‘We are no longer a country that is divided and isolated’

Peter Murtagh reports from Pretoria on one man’s pilgrimage for Nelson Mandela

A handout photograph made available by the South African government showing widow of the late former South African President Nelson Mandela,  Graca Machel (right) paying her last respects to late former president Nelson Mandela as he  lies in state at the newly renamed Nelson Mandela Amphitheatre at  Union buildings in Pretoria.

A handout photograph made available by the South African government showing widow of the late former South African President Nelson Mandela, Graca Machel (right) paying her last respects to late former president Nelson Mandela as he lies in state at the newly renamed Nelson Mandela Amphitheatre at Union buildings in Pretoria.

Wed, Dec 11, 2013, 12:52

The man behind me on the bus tapped me on the shoulder. 

“Excuse me,” he said. “Do you know the way to Union Buildings; are you going there?”

Travelling through central Pretoria on public transport, I had even less of a clue where I was than he, but we struck up a conversation and decided to blunder our way together.

When someone like Nelson Mandela comes along and leaves in their wake a nation transformed utterly, its people deeply inspired, and a world left awestruck, besotted and uplifted, it is sometimes only possible to understand why by listening to one man’s story.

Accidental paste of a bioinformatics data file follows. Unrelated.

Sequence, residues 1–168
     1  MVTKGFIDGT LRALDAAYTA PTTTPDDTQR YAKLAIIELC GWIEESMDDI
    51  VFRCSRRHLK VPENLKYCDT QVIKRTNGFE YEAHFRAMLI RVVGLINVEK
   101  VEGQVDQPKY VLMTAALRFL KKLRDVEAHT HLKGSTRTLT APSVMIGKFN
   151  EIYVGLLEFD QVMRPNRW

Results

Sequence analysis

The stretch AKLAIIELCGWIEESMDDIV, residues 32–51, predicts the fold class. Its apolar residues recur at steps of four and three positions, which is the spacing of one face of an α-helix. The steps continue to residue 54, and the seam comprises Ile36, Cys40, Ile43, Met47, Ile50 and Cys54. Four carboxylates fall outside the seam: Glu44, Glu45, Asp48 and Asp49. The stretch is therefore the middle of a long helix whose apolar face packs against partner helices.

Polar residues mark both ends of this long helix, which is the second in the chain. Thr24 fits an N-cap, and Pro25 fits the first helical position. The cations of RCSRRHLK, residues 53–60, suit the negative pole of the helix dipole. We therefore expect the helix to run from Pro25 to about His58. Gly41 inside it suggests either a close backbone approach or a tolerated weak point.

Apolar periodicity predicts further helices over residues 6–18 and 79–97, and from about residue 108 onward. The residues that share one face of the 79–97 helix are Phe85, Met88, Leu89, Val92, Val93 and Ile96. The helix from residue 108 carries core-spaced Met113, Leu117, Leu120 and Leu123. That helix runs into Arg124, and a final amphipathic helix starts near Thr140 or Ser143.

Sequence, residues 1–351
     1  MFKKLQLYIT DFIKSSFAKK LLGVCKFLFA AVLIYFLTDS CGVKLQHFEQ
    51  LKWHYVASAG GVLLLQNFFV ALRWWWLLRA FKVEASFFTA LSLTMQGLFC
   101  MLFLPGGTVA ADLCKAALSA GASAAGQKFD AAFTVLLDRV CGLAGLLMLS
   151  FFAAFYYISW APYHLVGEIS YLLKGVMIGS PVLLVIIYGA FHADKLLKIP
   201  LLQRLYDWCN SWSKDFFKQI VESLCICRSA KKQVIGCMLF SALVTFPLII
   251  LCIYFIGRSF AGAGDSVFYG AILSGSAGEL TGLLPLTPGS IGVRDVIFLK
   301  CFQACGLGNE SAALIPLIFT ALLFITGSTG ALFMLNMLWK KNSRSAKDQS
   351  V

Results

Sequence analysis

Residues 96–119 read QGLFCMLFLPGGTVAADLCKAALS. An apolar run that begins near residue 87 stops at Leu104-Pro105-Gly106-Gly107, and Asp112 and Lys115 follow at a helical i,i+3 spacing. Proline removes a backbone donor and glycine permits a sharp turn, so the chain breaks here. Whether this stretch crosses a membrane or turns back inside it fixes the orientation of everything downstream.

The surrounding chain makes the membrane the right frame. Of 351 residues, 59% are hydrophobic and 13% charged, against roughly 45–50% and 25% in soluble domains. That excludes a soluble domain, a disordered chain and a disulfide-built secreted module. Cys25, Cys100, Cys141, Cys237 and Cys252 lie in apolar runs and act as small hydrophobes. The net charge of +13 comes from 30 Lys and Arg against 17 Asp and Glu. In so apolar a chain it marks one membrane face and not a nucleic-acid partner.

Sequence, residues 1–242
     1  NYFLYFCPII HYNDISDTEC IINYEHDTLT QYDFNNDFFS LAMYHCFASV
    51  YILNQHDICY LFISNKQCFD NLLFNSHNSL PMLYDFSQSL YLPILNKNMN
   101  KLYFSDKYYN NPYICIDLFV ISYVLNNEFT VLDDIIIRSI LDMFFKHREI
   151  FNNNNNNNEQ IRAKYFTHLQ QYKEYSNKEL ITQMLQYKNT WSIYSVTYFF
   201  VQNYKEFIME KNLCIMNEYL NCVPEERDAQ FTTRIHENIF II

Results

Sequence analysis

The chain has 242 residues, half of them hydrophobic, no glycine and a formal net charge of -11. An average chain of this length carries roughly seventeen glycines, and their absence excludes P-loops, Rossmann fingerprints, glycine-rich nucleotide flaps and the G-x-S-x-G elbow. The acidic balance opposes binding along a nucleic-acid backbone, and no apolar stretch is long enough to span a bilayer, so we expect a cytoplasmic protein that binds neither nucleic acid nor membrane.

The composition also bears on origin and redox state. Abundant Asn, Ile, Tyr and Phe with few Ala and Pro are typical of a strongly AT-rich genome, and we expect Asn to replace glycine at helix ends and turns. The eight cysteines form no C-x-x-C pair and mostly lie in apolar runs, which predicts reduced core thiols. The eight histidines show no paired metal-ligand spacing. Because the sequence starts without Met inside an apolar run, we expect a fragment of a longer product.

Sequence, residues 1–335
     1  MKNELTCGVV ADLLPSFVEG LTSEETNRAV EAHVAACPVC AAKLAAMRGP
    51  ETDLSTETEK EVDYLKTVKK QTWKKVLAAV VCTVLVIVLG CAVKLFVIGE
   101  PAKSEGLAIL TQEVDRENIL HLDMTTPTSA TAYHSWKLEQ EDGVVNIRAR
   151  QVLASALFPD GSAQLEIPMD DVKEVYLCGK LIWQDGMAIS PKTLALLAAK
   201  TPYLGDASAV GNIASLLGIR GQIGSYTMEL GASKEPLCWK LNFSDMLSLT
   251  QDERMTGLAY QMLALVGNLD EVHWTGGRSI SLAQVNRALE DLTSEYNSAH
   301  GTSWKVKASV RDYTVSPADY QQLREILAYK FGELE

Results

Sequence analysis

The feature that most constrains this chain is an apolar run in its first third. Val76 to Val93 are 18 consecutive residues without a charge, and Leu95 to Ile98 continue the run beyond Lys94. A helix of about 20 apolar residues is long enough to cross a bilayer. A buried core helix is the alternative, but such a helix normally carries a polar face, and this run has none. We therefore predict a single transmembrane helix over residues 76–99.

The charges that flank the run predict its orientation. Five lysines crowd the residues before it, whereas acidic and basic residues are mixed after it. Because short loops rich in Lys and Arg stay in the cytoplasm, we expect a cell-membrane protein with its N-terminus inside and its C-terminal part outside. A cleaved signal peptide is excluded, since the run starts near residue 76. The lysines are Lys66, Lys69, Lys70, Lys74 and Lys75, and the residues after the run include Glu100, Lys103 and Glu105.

My bus pal was Desmond Saula and his is a sort of everyman’s story in South Africa; its significance is it its ordinariness, as it were.

Desmond is 31 years old and comes from Cape Town. When Mandela died, he decided he had to become part of what he knew would ensue. And so the day after the death was announced, Desmond left his home in the far south west of South Africa and travelled to Johannesburg. From there, he went the relatively short distance yesterday to Pretoria and today, he will begin to try to get to Qunu, about another 900 kilometres away in the south east, where Mandela will be buried. 

For Desmond, this is a pilgrimage, his response to an urge he embraces with joy and purpose, an urge simply to be there, be part of it all, and to make his contribution by so doing.

Desmond is a first year law student and part-time photographer. He doesn’t carry a camera right now however because this is personal, not work.

Desmond’s grandparents came from the Eastern Cape. His grandmother was at home while Grandfather worked on the railways, laying tracks, doing hard labour. The couple moved to Deaar, a small town in the northern Cape that used to be a major railhead in South Africa.

Desmond’s father died young and so he was raised as an only child by his mother but with grandparents very much part of his life as well. His earliest memories of Mandela are those of a child.

“When I was growing up, my grandmother, whenever we mentioned the name Mandela, she wouldn’t say his name. She said ‘No! You can’t say that; you are going to be arrested’. This was the system then. According to the system then, Mandela was a terrorist. She was just trying to protect us. We were so young. . .”

The other sort of memory Desmond has is of children playing, being naughty scratching in the dust the spear logo of Umkhonto We Sizwe (the Spear of the Nation military wing of the African National Congress). Desmond was still a child when Mandela was released from prison. “I cannot say I took part in toi toi [protests] but I have these childish memories.”

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